Edge

Theatre professor Soroko teaches art of stage fights

Professor Lee Soroko instructs students during his theatrical combat class. The course focuses on utilizing safe and repeatable combat moves to tell a story and enhace acting technique. Emily Dabau // Edge Editor

Professor Lee Soroko instructs students during his theatrical combat class. The course focuses on utilizing safe and repeatable combat moves to tell a story and enhace acting technique. Emily Dabau // Edge Editor

It’s a typical day in Professor Lee Soroko’s class, where students are seen dropping to the floor and engaging in intense slaps, punches and kicks. Using his training as a professional actor, Soroko teaches stage combat in the Department of Theatre Arts.

In his stage combat class, Soroko shares the technique of using safe and repeatable violence to tell a story in a way that is believable to the audience. This, he says, is key to heightening the theatrical experience and keeping the audience interested in the action.

“It’s not violence for the sake of violence … violence is a tool, and all the great playwrights use violence, as it needs to make the ultimate point of the action,” he said. “We want the action to heighten the experience and the emotional journey that we’re taking with the characters on stage.”

Soroko sees his classes as fun and explorative, providing students the opportunity to learn how to use their bodies and weapons for performances. They learn techniques like punching and slapping in a realistic form without making contact. Other lessons include the element of touch and how to use their bodies to drop to the floor. In the more advanced sections, weapons like swords, shields and knives are used as students learn how to portray pain when these foreign objects enter the body.

“We use those weapons to further express character and need,” he said. In acting, he explained, it’s about making someone feel on the outside what the character feels internally.

Soroko’s own experience in fighting and theater performance began in college, when he was part of the college karate team and also did fencing. Because of these experiences, Soroko’s professor asked him to choreograph fight scenes for a “Romeo and Juliet” performance in which he was cast.

He later attended graduate school, where he took stage combat classes, gained more experience and was cast in “Romeo and Juliet” again. The director of the production encouraged Soroko to train with him and the Society of American Fight Directors. After applying for his teaching certification, he decided to transition into education as a professor along with his wife April, who also joined UM as associate professor of scenic design and resident scenic designer at the Ring Theater.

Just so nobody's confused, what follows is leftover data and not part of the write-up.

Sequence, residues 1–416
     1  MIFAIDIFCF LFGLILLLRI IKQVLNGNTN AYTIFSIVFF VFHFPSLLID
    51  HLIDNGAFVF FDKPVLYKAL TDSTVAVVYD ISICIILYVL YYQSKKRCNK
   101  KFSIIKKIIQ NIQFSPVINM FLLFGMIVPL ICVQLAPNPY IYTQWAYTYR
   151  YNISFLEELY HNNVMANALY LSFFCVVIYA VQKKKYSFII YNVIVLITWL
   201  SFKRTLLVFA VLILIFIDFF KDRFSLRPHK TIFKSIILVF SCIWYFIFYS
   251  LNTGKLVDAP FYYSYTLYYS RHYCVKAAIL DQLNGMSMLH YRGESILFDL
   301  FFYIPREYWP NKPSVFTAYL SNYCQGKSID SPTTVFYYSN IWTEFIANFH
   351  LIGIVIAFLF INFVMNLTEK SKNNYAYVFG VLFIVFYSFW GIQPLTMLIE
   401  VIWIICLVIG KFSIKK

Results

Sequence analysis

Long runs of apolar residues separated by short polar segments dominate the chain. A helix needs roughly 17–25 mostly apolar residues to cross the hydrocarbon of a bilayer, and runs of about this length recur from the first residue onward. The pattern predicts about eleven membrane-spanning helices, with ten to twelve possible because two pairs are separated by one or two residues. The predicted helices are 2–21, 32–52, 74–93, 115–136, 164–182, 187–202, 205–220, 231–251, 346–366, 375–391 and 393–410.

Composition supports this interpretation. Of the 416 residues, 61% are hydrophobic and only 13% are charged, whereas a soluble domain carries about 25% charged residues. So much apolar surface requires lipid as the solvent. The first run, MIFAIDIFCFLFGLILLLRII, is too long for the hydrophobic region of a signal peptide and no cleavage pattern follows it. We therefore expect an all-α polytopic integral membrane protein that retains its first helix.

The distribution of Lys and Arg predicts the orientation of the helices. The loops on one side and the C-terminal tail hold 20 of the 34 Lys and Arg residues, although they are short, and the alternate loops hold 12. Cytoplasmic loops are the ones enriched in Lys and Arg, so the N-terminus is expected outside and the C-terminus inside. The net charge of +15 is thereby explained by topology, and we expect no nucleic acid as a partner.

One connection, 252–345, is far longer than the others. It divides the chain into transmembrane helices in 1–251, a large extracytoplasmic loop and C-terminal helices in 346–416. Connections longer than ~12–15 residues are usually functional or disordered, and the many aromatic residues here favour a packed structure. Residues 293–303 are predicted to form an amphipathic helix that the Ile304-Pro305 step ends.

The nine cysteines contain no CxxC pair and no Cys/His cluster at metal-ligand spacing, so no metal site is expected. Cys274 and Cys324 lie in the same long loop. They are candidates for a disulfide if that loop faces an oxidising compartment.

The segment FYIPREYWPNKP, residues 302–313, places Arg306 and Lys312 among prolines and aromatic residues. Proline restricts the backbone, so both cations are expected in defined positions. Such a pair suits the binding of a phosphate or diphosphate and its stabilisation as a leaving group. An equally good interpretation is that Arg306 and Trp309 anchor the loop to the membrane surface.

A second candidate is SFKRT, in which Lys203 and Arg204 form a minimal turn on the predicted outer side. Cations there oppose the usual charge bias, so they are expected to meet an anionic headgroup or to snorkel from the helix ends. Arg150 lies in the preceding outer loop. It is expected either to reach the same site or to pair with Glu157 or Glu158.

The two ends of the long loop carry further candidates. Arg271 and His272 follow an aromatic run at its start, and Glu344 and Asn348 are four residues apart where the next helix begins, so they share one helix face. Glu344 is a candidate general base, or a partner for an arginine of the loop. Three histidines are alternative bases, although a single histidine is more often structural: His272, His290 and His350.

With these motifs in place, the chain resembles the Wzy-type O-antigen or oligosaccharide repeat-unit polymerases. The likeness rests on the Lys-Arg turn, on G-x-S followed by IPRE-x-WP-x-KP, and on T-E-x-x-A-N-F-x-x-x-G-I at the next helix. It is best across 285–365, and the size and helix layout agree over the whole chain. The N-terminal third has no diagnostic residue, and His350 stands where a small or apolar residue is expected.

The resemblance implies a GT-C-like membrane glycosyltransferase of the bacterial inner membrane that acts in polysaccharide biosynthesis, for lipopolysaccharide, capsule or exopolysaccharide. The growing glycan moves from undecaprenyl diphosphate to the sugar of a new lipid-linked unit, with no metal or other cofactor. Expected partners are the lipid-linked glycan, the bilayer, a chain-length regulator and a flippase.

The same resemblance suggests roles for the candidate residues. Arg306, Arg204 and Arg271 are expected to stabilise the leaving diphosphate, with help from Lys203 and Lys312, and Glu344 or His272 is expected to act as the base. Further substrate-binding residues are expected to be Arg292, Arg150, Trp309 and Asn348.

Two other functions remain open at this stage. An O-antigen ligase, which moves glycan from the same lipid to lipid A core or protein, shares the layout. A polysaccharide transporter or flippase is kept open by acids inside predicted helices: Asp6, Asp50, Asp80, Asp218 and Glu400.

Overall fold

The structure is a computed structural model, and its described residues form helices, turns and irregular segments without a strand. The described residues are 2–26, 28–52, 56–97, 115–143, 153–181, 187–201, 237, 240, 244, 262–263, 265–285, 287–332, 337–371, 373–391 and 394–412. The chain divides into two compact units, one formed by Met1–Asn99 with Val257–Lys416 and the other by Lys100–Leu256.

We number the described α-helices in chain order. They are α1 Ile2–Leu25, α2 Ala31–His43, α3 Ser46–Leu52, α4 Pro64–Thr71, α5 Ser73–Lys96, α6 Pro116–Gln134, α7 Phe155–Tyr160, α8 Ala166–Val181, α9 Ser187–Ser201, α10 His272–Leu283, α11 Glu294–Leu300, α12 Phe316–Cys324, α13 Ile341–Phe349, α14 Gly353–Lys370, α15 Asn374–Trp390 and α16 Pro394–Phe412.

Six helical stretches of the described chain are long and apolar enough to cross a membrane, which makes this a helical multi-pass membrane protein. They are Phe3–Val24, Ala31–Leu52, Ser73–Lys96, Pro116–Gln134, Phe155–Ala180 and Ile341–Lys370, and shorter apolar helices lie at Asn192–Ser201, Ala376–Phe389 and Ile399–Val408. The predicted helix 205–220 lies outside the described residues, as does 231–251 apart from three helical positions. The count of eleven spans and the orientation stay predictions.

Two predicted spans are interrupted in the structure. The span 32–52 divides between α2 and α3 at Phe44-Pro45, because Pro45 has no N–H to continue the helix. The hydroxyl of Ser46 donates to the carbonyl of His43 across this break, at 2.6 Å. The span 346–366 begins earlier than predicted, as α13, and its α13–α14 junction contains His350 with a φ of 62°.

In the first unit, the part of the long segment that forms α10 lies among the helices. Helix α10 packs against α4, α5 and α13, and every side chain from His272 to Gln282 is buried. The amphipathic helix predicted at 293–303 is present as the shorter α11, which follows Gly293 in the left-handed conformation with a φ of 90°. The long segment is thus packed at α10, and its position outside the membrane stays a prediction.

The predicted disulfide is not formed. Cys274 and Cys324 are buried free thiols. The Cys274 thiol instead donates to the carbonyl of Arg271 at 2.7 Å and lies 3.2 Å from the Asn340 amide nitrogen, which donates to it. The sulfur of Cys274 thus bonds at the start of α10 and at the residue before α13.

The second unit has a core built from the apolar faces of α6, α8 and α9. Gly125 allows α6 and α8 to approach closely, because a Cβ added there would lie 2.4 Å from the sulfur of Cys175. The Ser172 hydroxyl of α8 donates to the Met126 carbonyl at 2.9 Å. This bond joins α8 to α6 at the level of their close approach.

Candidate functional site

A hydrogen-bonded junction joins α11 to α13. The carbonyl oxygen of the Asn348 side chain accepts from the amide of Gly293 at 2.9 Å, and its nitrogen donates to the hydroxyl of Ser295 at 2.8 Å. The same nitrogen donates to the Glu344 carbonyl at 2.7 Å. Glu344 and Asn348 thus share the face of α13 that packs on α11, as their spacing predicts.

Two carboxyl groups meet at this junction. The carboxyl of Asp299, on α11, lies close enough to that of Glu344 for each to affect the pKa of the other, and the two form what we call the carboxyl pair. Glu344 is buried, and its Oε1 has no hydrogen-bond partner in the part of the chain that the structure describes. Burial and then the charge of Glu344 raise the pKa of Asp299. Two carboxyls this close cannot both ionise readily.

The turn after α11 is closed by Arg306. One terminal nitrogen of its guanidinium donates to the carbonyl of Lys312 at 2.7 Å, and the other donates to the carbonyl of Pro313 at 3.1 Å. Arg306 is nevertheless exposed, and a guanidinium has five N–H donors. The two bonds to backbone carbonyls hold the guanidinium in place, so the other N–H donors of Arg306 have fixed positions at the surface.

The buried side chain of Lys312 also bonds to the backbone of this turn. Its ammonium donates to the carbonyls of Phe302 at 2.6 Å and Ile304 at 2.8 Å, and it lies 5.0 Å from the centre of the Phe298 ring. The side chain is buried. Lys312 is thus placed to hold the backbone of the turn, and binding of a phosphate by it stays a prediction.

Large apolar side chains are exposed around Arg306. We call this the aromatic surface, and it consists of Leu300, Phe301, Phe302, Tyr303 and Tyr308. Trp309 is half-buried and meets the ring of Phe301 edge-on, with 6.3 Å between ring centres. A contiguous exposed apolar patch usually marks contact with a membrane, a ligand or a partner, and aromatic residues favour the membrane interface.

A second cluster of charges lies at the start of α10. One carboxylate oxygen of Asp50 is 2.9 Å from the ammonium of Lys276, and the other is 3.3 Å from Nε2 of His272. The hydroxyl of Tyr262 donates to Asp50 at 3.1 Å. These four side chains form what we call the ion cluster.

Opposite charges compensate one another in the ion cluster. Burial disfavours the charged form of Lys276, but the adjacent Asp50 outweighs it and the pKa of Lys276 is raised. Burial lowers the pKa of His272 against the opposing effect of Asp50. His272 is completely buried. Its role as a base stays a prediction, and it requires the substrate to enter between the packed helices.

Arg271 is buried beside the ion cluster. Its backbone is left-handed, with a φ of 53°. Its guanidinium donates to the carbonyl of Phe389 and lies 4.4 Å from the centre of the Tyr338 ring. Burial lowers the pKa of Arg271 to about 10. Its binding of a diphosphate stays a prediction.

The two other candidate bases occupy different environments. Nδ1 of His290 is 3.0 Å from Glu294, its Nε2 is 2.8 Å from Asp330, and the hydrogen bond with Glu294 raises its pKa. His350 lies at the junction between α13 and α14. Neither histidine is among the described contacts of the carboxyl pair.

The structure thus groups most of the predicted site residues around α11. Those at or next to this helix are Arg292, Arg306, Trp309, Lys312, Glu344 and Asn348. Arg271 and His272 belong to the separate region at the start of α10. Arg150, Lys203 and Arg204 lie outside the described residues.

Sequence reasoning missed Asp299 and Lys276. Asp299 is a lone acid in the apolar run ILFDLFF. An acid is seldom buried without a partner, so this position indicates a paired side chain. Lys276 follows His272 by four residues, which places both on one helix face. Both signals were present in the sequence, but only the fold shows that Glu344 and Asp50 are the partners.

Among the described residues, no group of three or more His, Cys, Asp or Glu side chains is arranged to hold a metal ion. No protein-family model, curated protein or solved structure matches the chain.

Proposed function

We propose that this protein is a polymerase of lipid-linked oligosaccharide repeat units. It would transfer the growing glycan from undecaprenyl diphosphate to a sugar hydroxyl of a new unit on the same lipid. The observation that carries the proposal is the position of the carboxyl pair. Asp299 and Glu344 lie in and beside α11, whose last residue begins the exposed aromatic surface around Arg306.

Senior Brian Reiff, a musical theater major, said he decided to take Soroko’s stage fighting class because of a longstanding interest in that type of performance.

“Stage fighting has always been interesting to me since I first saw the knife fight in ‘West Side Story’ when I was a kid at my local theatre,” he said. “Learning how to successfully punch someone across the face on stage as well as learning how to stab myself has been the best part of stage combat.”

When he’s not teaching how to navigate the world of weapons for performance, Soroko helps law students master their presentation by teaching litigation skills at the School of Law. Using his experience in theater and performance, Soroko helps the students navigate storytelling in their roles.

“This is an opportunity for lawyers or would-be lawyers who are really great at understanding the law, but what they don’t understand is how you get in front of a jury and tell a story, he said. “This is where the law and theater performance interconnect.”

By critiquing the presentation of lawyers not from a law standpoint but from a performance standpoint, he ensures that his students are articulate in their presentations throughout the entire series of events.

“You are no longer presenting an idea. When you’re in front of a jury, it’s a heightened theatrical experience,” Soroko said. “Facts are boring; however, a story is dynamic. A story is interesting.”

September 16, 2015

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Emily Dabau


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